The Durkins argue on appeal that the trial court erred in refusing to remove the compulsory non-suit because Dr. Seeber's statements were admissible and therefore appellants had presented sufficient evidence to go to the jury. Appellants further argue that Dr. Seeber's statements were admissible because they fall under the vicarious admission exception to the hearsay rule, the judicial admission exception to the hearsay rule, and the prior inconsistent statement exception recently articulated by our supreme court in Commonwealth v. Brady, 510 Pa. 123, 507 A.2d 66 (1986). They also contend that the trial court erred in refusing to admit the statements on the basis that those statements were ostensibly based on inadmissible hearsay -- Dr. DeLeo's supposed statements to Dr. Seeber that he did in fact administer Kymar to the horse.

On appeal from an order denying a motion to remove a compulsory non-suit, we must consider the record to determine whether the trial court properly applied the well-established standard for entry of a compulsory non-suit. A non-suit can only be entered in clear cases, and the plaintiff must be given the benefit of all evidence in his favor along with all favorable inferences that may be drawn from it. Any conflict in the evidence must be resolved in his favor. If a jury, viewing the evidence in the light most favorable to the plaintiff, could not reasonably determine that all the elements of the cause of action have been established, then the non-suit is proper. Kuriger v. Cramer, 345 Pa. Super. 595, 602, 498 A.2d 1331, 1334-35 (1985). In this case, we must determine whether the trial court erred in holding the evidence in question inadmissible. We will reverse the ruling of the trial court only for an abuse of discretion. Concorde Investments, Inc. v. Gallagher, 345 Pa. Super. 49, 56,

[ 376 Pa. Super. Page 563497]

A.2d 637, 641 (1985). Should we find that the evidence was improperly excluded, the order granting the non-suit would have to be reversed.

The Durkins argue that under the recent supreme court decision of Commonwealth v. Brady, 510 Pa. 123, 507 A.2d 66 (1986), the insurance statement given by Dr. Seeber should be permitted into evidence. They argue that Dr. Seeber's testimony at the first trial was contradictory to the statement that he had given to the insurance company some six months after Josiah's death, and that if he is called as a witness at the second trial, his testimony will continue to be inconsistent.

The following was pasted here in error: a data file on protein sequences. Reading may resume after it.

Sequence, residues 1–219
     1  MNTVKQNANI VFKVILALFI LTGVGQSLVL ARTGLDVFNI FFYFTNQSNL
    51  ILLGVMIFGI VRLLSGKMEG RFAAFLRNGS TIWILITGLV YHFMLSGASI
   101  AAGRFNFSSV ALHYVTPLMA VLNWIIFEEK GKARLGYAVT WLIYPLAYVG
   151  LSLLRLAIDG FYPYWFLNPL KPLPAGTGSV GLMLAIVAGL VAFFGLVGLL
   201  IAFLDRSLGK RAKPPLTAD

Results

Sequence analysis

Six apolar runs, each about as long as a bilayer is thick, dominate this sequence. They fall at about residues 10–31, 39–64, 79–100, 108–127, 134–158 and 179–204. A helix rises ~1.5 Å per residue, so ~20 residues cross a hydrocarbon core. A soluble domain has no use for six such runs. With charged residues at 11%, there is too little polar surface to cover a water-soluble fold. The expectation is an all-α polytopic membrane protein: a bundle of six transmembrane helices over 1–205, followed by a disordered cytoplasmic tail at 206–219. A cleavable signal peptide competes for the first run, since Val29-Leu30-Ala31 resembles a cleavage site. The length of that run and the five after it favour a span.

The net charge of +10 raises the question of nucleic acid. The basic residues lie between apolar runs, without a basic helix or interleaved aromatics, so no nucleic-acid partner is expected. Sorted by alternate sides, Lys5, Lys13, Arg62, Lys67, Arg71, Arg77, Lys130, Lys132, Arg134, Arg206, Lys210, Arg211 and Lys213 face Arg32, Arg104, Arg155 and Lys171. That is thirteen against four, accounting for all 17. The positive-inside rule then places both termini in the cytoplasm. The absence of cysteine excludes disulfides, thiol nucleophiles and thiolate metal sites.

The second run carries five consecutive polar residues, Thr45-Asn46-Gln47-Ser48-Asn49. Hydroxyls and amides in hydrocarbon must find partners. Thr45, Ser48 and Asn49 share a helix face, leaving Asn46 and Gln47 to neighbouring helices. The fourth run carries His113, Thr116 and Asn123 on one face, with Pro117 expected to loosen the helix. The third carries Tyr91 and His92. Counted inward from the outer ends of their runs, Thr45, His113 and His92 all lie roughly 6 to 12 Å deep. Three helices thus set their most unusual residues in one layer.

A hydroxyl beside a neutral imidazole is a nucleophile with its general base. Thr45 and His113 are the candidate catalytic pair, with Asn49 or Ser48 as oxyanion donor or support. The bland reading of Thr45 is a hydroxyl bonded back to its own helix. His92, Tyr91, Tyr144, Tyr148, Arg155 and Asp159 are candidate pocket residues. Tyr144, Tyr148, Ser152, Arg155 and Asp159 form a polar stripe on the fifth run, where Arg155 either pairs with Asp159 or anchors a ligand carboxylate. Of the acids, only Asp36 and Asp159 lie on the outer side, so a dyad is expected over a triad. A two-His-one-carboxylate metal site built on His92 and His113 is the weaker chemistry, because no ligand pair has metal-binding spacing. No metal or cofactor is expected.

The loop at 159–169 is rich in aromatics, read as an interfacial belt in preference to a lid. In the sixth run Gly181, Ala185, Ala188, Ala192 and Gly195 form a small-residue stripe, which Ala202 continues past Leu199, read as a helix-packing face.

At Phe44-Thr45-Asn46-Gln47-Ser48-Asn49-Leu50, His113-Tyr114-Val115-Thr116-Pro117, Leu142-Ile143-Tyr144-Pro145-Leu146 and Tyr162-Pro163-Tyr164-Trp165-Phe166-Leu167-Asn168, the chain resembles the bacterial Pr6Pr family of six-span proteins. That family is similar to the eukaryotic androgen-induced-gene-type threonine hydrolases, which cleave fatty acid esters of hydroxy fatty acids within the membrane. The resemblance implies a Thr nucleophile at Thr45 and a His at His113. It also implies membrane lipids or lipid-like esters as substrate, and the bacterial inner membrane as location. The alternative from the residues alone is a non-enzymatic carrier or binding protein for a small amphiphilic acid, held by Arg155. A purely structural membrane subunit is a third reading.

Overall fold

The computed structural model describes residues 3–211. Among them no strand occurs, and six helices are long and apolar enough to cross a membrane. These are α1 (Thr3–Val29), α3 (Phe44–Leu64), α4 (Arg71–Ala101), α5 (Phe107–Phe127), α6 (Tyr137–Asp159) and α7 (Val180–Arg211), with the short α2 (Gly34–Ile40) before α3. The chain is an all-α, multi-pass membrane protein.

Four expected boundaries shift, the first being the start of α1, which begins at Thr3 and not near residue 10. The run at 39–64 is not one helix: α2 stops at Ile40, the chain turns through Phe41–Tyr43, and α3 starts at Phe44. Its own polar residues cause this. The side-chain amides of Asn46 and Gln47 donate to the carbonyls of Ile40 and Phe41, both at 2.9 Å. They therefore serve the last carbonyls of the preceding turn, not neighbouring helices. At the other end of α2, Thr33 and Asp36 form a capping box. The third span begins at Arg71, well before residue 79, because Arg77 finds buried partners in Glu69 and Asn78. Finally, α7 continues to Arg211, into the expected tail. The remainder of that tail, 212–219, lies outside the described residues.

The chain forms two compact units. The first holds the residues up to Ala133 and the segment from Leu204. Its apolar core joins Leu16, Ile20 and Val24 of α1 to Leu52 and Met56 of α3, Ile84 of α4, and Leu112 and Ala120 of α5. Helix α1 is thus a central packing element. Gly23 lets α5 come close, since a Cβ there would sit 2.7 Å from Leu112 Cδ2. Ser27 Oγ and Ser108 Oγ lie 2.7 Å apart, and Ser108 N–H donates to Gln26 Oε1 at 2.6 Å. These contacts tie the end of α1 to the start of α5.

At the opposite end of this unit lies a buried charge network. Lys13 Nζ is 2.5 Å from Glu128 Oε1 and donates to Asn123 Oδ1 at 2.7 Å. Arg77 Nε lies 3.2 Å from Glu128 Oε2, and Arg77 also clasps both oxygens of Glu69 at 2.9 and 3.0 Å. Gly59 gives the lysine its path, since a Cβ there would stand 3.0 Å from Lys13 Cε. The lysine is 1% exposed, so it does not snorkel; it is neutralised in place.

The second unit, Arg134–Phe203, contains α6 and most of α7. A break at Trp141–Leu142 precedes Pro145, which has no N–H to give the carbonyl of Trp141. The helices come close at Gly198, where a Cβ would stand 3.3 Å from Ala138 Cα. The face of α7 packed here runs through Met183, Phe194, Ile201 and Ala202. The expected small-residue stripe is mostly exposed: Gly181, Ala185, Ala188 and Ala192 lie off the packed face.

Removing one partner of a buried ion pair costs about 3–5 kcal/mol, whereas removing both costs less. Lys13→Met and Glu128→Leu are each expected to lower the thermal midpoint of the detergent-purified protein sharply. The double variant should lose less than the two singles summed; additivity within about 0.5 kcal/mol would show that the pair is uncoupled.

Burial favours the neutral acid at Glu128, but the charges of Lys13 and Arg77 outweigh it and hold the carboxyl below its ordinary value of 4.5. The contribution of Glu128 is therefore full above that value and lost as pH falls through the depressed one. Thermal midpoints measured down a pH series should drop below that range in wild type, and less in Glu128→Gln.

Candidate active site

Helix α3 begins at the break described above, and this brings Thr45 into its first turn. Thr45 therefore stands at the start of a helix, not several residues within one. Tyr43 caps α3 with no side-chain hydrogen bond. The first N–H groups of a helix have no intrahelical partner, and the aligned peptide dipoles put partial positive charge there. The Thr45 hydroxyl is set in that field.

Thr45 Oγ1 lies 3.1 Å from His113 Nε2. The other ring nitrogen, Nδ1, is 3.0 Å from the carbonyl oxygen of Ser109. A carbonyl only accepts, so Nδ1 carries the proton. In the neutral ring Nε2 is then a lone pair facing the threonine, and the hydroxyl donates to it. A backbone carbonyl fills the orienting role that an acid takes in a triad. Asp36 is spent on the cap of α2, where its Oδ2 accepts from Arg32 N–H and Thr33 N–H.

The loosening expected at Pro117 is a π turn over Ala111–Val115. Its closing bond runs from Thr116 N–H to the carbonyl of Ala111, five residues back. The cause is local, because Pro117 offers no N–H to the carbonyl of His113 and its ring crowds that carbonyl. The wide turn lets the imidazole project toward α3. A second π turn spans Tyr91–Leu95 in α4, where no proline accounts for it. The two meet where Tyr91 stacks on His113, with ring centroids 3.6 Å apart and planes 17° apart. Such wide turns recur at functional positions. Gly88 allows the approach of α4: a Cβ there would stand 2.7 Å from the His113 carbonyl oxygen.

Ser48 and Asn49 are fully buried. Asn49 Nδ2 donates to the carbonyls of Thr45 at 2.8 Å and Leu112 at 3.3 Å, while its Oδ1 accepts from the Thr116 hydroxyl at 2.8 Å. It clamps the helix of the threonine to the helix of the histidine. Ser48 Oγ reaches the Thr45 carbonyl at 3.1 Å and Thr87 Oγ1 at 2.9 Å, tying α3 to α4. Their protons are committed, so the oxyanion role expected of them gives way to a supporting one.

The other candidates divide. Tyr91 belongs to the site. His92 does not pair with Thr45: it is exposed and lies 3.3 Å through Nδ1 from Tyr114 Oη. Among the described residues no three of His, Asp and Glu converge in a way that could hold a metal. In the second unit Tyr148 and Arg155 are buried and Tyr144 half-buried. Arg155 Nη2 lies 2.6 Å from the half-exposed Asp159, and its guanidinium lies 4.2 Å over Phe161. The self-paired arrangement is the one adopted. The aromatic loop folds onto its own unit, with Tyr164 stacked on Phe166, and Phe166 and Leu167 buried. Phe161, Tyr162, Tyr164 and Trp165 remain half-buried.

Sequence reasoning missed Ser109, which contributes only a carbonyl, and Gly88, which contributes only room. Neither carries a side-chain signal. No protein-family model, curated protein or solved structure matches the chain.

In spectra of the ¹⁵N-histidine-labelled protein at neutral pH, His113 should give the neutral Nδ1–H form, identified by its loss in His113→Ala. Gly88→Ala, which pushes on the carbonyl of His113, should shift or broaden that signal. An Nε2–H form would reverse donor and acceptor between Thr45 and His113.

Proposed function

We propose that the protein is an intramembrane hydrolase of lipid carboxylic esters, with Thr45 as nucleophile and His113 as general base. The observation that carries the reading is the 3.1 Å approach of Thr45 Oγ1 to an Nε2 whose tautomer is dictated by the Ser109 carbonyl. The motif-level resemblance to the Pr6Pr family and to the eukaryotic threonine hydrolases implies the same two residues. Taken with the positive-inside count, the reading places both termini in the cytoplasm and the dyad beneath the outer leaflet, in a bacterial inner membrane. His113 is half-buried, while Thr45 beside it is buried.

In Brady, the supreme court jettisoned an entire area of evidentiary law, and attempted to follow commentators perhaps less well-experienced in trial advocacy than the justices of the appellate courts of this Commonwealth. The court held that where a declarant is a witness at a judicial proceeding and is available for cross-examination, that declarant's out of court statements may be admitted as substantive evidence for the truth of the matters asserted in them. Brady, 510 Pa. at 131, 507 A.2d at 70. Brady is now the law of this Commonwealth, although it should be noted that not even the Federal Rules of Evidence have taken as liberal a stance; under the Federal Rules, the prior inconsistent statement must have been given under oath before it can be accepted as substantive evidence. See F.R.E. 801(d)(1)(A).

In any event, we find that Brady is not applicable in this case. We note that the holding of the supreme court reads " otherwise admissible prior inconsistent statements . . . may be used as substantive evidence." Brady, 510 Pa. at 131, 507 A.2d at 70. Because we find that the facts in Brady differ substantially from those confronting us, and because we do not find that the insurance statement in question would be otherwise admissible considering the double hearsay with which it is riddled, we find that the statement is not admissible under Brady.

[ 376 Pa. Super. Page 564]